Breast Pain

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Breast pain is a common symptom, but pain without a mass is almost never associated with breast cancer.

Types of Breast Pain

There are two types of breast pain: cyclic and noncyclic.

  • Cyclic breast pain is the most common type of breast pain and is caused by monthly changes in hormone levels. Most often this pain is described as a dull, sore, or heavy feeling in both breasts that can radiate to the armpit. Cyclic breast pain is worse at the time of a woman’s period and disappears when the period ends.
  • Noncyclic breast pain occurs intermittently or continuously. It is not associated with the menstrual cycle and may occur in one or both breasts. Noncyclic breast pain is described as a tight, burning pain that may be felt in one area of the breast or throughout the breast. This type of breast pain is more common in postmenopausal women.

Breast Pain Evaluation

To properly identify the cause of breast pain, the American College of Radiology recommends the following imaging tests for women with focal noncyclic breast pain without a mass:

  • Women under the age of 30 should have a targeted sonogram of the area of pain.
  • Women over the age of 30 should have a diagnostic mammogram with targeted sonogram (if she has not had a mammogram within six months of the pain first presenting)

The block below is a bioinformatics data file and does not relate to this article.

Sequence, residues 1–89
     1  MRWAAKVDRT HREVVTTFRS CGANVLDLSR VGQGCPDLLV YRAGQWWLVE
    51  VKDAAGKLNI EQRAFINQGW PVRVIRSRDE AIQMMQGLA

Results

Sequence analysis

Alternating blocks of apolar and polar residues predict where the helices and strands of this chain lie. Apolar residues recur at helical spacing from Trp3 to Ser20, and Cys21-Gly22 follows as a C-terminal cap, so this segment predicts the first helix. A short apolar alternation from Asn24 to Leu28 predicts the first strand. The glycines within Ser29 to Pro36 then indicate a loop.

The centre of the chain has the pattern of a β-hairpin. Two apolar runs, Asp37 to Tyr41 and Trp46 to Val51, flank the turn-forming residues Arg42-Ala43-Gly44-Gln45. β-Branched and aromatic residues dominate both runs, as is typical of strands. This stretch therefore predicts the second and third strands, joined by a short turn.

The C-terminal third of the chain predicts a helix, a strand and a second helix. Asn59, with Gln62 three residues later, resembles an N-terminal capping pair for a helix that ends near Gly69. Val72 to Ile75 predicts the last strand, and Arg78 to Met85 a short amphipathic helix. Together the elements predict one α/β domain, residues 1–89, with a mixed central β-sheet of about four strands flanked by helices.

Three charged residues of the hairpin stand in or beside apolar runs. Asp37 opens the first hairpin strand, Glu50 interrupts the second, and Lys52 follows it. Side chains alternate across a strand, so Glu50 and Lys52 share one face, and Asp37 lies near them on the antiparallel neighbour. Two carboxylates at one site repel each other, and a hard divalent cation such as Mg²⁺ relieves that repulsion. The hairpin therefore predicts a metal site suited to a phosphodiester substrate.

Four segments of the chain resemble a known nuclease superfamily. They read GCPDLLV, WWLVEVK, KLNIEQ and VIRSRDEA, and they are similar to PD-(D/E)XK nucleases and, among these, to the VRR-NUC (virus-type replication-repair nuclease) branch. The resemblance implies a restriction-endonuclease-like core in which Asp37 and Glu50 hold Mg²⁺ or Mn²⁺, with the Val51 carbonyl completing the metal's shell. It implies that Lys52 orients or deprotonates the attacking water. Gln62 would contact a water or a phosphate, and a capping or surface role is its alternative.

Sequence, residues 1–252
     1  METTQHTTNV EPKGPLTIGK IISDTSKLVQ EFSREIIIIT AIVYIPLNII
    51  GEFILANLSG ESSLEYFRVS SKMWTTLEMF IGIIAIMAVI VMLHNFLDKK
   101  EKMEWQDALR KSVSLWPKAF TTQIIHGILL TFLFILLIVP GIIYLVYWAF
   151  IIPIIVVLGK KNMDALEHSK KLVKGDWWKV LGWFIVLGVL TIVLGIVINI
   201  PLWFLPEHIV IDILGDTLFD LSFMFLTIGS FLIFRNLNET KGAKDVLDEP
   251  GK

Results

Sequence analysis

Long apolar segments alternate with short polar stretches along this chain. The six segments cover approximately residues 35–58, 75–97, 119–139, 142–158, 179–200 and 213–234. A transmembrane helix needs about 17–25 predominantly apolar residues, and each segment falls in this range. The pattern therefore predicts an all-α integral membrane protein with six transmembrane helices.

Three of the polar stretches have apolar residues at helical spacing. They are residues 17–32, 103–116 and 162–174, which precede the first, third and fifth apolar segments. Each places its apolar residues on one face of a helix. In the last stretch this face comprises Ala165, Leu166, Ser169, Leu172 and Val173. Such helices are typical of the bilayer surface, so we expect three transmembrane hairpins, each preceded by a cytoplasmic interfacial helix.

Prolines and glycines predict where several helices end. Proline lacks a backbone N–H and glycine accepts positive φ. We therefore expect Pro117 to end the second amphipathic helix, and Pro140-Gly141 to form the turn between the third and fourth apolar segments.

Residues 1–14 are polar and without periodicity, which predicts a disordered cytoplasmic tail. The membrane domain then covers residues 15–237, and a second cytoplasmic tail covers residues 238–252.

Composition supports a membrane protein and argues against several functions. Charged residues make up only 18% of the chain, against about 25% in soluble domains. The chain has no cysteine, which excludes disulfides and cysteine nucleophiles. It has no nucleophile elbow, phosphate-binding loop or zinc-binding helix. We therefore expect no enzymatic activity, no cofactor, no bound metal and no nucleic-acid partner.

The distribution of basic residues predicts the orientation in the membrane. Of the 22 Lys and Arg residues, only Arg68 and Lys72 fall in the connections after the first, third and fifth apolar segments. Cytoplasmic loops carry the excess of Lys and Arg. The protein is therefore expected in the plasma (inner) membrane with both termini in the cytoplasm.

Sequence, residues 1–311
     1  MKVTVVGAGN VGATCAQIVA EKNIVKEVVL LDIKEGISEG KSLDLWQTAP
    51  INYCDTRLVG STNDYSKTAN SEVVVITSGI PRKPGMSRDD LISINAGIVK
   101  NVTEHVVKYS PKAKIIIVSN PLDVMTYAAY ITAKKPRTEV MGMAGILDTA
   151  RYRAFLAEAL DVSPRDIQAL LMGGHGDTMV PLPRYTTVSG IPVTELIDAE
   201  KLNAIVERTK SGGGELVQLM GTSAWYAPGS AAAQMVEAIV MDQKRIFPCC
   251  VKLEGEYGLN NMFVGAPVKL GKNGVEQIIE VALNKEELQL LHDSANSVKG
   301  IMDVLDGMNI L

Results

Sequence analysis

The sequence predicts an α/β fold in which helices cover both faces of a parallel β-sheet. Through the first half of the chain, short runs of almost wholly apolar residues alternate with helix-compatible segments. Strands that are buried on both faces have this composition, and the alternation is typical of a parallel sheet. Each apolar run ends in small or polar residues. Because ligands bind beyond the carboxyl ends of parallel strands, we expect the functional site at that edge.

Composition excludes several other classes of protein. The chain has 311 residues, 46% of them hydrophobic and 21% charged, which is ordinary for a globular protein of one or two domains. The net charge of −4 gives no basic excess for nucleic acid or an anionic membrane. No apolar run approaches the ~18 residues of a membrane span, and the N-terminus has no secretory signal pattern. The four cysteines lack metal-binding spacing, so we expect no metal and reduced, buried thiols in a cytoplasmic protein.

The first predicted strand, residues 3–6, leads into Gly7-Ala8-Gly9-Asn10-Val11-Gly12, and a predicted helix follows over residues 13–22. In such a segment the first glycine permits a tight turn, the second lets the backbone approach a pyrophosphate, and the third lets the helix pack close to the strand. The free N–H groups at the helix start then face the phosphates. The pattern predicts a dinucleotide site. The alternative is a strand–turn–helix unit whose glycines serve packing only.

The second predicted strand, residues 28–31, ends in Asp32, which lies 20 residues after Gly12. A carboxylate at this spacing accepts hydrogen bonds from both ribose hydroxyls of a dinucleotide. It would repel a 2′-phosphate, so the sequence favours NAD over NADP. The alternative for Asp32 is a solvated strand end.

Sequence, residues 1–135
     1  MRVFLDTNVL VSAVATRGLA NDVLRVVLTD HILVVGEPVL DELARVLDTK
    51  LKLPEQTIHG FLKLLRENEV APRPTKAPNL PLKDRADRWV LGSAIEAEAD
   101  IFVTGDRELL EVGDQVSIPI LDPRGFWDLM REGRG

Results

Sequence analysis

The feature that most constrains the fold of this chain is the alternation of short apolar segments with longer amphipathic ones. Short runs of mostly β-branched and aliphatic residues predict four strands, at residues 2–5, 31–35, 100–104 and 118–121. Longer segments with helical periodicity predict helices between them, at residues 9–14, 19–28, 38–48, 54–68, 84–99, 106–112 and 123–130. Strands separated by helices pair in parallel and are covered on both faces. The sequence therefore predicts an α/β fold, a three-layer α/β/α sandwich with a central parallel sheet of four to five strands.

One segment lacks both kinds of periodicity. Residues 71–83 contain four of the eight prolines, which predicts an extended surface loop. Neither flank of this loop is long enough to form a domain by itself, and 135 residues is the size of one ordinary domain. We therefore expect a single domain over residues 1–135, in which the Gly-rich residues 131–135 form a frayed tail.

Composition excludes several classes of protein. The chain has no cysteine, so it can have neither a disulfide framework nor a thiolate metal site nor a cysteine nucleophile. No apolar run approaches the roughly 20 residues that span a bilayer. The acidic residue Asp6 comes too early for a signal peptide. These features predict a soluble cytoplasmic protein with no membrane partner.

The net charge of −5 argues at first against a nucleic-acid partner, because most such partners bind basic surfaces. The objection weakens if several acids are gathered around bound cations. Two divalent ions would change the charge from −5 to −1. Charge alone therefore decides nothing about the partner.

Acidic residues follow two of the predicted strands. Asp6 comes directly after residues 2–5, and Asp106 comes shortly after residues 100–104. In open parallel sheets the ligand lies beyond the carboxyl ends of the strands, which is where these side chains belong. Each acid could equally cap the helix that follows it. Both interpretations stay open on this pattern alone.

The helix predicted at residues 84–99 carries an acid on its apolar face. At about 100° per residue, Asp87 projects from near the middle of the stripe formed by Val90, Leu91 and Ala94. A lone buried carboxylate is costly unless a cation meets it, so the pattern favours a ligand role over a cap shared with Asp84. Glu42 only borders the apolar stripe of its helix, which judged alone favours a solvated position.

Non-breast related causes may cause pain that is perceived as breast pain but is in fact caused from something unrelated to the breasts. For example, a muscle pull or strain in the rib cage or chest wall may cause pain that radiates to the breast. Having a comprehensive medical history and physical examination performed by your clinician can help identify the source of your pain.

Treating Breast Pain

Benign breast cysts are the most common cause of breast pain and may require drainage to alleviate symptoms.

Cyclic breast pain may be alleviated by:

  • Reducing salt and fat intake in your diet
  • Trying an over-the-counter pain reliever such as aspirin, Tylenol or ibuprofen
  • A trial of low dose oral contraceptives prescribed by your clinician
  • Taking a magnesium supplement as recommended by your clinician
  • Wearing a supportive bra

Noncyclic breast pain is most often helped by:

  • Reduction in caffeine intake (chocolate, coffee, cola, tea)
  • Taking vitamin E (400 – 800 IU-daily)
  • Taking B complex vitamins (50 – 100 mg B6 daily; 50 – 100 mcg B12 daily; 400 mcg folic acid daily)
  • Evening primrose (1000 – 3000 mg daily) may be added if the first three suggestions do not provide relief
  • Wearing a soft bra may be helpful for nighttime pain and a supportive bra during the day
  • Taking Tylenol and/or anti-inflammatory agents may provide temporary relief
  • Prescription medications for those who experience severe symptoms